Occupation: Executive Director, Willis Dady Emergency Shelter
What’s the best advice you ever received: I’ve received great advice for various situations. Some of the best advice includes: You can learn a lot more about someone based on what they’ve done instead of what they say they will do; shaving your legs is a waste of time and won’t help you reach your goals; and when you’re overwhelmed and feel defeated, it’s better to go to the gym than go to the bar.
What do you consider your greatest professional accomplishments: I had the honor of starting and helping manage the Fairweather Lodge program, which provided permanent housing to men who had formerly been homeless and who all had a serious mental illness. I was able to witness lives transform as they put in the work to live cooperatively, maintain employment and become friends with one another.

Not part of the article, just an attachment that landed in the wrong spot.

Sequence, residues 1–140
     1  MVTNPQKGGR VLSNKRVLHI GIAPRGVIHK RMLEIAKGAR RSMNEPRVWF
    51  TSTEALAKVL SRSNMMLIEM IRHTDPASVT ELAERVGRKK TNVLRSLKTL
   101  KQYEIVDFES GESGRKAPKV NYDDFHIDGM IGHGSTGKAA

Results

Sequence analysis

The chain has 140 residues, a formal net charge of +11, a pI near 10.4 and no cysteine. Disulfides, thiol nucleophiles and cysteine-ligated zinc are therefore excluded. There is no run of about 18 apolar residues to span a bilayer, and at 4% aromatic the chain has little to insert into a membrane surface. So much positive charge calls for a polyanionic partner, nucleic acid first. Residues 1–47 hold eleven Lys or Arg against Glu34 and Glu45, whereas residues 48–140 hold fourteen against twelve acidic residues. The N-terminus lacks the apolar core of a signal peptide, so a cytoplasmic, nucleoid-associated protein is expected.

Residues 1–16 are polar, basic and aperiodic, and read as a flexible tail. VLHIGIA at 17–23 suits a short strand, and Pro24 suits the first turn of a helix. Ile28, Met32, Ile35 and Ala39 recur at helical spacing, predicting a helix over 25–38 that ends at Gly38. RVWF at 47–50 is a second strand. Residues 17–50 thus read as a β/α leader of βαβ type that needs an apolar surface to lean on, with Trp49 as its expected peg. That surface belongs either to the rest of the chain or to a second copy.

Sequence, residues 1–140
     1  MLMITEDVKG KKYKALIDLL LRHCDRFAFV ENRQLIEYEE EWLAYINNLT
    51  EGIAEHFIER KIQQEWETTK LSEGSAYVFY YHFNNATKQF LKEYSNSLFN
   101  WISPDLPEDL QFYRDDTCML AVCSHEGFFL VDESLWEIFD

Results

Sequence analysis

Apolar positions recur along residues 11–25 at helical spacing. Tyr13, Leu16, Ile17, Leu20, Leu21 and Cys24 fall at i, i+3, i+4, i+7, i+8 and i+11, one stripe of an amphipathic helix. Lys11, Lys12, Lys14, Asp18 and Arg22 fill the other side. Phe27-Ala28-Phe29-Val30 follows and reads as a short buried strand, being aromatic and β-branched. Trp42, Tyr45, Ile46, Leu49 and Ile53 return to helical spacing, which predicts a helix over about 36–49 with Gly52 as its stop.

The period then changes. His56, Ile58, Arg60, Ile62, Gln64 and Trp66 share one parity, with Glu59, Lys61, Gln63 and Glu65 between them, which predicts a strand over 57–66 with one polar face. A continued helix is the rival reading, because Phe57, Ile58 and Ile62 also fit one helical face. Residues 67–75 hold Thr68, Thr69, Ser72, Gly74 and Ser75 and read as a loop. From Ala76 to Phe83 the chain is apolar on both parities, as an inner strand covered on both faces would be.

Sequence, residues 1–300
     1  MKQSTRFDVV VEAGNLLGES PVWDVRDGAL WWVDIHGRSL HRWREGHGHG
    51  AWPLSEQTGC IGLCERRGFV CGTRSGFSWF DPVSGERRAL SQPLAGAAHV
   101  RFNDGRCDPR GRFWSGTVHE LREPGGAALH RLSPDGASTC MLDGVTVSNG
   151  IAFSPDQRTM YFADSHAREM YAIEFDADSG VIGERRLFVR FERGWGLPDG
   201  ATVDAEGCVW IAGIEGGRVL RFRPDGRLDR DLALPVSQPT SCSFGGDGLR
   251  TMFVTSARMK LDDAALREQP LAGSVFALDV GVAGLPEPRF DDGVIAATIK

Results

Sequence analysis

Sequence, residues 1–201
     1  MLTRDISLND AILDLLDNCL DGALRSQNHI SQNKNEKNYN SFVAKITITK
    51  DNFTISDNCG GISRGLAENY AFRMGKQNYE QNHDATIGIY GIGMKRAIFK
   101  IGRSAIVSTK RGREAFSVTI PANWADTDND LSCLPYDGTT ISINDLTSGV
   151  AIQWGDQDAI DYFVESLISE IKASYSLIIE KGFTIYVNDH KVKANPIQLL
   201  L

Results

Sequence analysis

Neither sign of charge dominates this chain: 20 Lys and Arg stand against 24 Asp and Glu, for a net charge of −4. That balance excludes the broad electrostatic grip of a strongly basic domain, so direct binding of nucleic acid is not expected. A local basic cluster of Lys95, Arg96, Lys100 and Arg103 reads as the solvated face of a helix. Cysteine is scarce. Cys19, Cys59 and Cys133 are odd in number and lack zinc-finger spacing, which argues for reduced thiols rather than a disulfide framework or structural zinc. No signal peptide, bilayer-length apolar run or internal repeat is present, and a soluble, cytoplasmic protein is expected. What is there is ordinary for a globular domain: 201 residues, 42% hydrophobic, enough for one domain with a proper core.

What do you know now that you wish you had known earlier in your career: Earlier in my career I wish I had known I really can learn something from anyone and everyone I come across. Everyone has a different approach and something unique and positive to offer.
If you had $1 million to give, what causes would you support: I would invest it in an endowment through the 1610 Foundation, so that the foundation could continue making charitable gifts for years and years to come. The 1610 Foundation gives to organizations focused on the environment, civil rights, peace and equality.
What is your biggest passion: I’m passionate about eating homemade meals from fresh local ingredients, especially when prepared and shared with friends and family.
Who are your local mentors: I’ve had many people impact my life, but three of my mentors include my parents, Maureen and John Trepp, college professor Paula O’Laughlin, and Tex Evans, founder of the Appalachian Service Project.